Working out at the gym -- pluses and minuses. Photo: Deposit Photos

25 Apr Exercise: The Ultimate Love-Hate Relationship

By Sarah Homan, PT, DPT

When was the last time you evaluated the relationships in your life?

One relationship that we often forget is the relationship we have with exercise—in essence, the relationship we have with our wellbeing.

Some of us neglect this relationship, and some of us focus on it too much. As a physical therapist, I often see the struggle the relationship poses for people.

How many of us double down on exercise and weight-loss goals as a New Year’s resolution but dread the idea of one more minute at the gym a few months later? And how many of us are fitness buffs who feel like the day is wasted unless we’ve hit the gym? Some of us fit somewhere in-between: We’d rather sit and watch TV but know if we want to feel comfortable in a bathing suit, or keep up with our family on vacation, we should probably work out.

No matter where you fall, knowing the benefits and shortcomings of exercise may help you better understand your role in the relationship.

Benefits of Exercise

Cardiovascular Health

Everyone knows that exercise improves heart and lung function. It improves blood flow, endurance, blood pressure, and blood sugar, which can help prevent or manage chronic diseases like diabetes, high blood pressure, and high cholesterol. This can result in reduced medication doses, as guided by your physician, and reduced risk of a heart attacks and strokes.

Increased Strength

This may seem like a no-brainer, but you can’t deny the positives of increased strength. This includes maintaining your ability to do yard work, lift your children or grandchildren, climb stairs, and walk for prolonged distances. It can even reduce your risk of injuries like joint pain or a pulled back.

Improving Bone Density

Resisted strength training will improve the density of your long bones and spine, which can reduce your risk of fracture or injury. It’s important to begin building bone health when you’re younger—not only as an older adult.

Brain Health

Not only does exercise improve blood flow throughout the body, but it also improves blood flow to the brain. Increased blood flow to the brain allows it to receive needed oxygen and remove any waste products that may contribute to conditions like dementia and Alzheimer’s. Studies show that as little as two days of light-intensity exercise a week can reduce cognitive decline.

Mood Enhancement

Exercise can have a positive impact on your mood by affecting hormone release. This includes increasing endorphins, the feel-good hormone, in the brain. Increased endorphins can naturally improve mood, reduce depression, and improve focus. Exercise also reduces the levels of cortisol, the stress hormone, which can contribute to anxiety.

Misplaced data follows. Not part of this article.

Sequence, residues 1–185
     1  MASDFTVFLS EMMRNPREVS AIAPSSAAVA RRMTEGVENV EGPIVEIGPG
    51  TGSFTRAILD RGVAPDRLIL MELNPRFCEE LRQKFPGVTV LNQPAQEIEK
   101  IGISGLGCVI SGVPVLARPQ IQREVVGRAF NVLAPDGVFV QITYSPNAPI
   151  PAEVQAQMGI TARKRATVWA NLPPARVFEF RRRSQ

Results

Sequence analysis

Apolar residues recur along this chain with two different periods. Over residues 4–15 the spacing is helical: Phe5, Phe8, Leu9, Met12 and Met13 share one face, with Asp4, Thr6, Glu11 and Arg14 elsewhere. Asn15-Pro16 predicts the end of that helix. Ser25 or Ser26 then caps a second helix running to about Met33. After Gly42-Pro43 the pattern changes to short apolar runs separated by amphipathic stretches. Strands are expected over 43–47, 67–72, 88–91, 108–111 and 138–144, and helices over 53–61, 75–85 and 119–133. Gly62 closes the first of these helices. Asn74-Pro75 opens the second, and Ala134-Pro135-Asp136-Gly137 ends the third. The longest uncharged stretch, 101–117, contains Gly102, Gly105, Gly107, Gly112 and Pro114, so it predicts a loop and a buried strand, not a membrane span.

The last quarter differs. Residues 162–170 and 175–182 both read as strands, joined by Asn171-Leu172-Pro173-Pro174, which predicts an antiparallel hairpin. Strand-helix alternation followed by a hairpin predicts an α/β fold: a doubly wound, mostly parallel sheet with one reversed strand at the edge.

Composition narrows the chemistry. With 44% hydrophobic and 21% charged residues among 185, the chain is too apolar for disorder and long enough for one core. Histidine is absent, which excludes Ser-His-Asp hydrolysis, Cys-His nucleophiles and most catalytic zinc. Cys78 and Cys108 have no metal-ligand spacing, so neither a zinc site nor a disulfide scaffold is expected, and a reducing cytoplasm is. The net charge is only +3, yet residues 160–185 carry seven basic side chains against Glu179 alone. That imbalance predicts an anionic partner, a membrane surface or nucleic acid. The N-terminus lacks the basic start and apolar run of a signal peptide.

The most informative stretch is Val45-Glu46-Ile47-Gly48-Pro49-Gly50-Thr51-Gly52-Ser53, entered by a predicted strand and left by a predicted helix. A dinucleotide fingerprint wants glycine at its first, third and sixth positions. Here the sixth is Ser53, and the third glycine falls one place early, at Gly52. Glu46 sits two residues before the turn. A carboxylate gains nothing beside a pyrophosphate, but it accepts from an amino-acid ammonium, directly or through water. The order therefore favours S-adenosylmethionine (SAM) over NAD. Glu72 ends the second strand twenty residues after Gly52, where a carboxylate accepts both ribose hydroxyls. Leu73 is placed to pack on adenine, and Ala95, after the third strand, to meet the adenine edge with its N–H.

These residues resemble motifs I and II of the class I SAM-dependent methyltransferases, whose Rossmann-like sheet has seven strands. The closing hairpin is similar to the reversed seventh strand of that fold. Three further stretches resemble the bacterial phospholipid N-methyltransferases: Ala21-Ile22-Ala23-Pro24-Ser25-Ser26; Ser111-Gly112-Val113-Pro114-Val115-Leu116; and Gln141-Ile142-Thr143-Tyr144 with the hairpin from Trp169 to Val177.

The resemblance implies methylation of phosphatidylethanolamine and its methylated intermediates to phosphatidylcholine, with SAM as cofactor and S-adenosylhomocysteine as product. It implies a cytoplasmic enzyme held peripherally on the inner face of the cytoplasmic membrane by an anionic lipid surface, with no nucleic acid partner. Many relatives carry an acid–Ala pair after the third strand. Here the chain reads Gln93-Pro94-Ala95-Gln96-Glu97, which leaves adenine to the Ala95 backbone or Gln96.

Reduced Arthritis Symptoms

Arthritis is often associated with increased joint pain and can result in decreased participation in daily activities. But with correct form, exercise can improve joint health and reduce your activity-limiting pain. Consult a professional like a personal trainer or a physical therapist if exercise causes pain in your joints.

Drawbacks of Exercise


Time is often the biggest obstacle to maintaining a regular exercise routine. But starting small and gradually increasing the frequency in which you exercise can be the best choice for long-term change. Ten minutes of exercise a day is better than nothing. And once exercising becomes a habit, the time will seemingly make itself available.


Joining a gym or having the best workout clothes isn’t a necessity to participate in an effective exercise program. In fact, many exercises don’t require any equipment and can be done at home. Here are a few exercises to get you started.

Muscle Soreness

The rule of thumb for muscle soreness is that it should go away within 24 to 36 hours after a workout. If pain persists, it may be a sign that the exercise was too intense. If the pain is sharp or limits your daily activities, you may want to visit a health professional, such as a doctor or physical therapist.


Starting an exercise routine can be daunting for those who’ve never exercised before. It’s easy to feel put off by the idea of working out in front of strangers or by the uncertainty of how an exercise should be performed. Luckily, there are a lot of resources with instructions for people of all fitness levels. These include on-site personal training at a local gym, YouTube videos, online forums, and physical therapists.

Lack of Commitment

All the drawbacks listed above can weaken your commitment to an exercise routine. To resist these drawbacks, consider exercising with a friend; set a goal to reach, such as running a 5K; join a sports league; or pick exercises that you’ll enjoy, such as Zumba or swimming.

This year, I encourage you to rekindle your relationship with exercise.

Consider the barriers that are limiting your experience and decide what benefits are most important to you.

And figure out if overcoming those barriers means joining a gym, working out with a friend, or just starting with 10 minutes of exercise.

If you’re still at a loss, meet with a trusted health professional, such as a doctor, personal trainer, or physical therapist, to find the best plan forward. I guarantee that if you give your relationship with exercise and your well-being a little tender loving care, you’ll find that exciting, unique, and unexpected doors will open in other aspects of your life, too.

Sarah Homan is a physical therapist with Action Potential Physical Therapy in Glen Mills, Pennsylvania.

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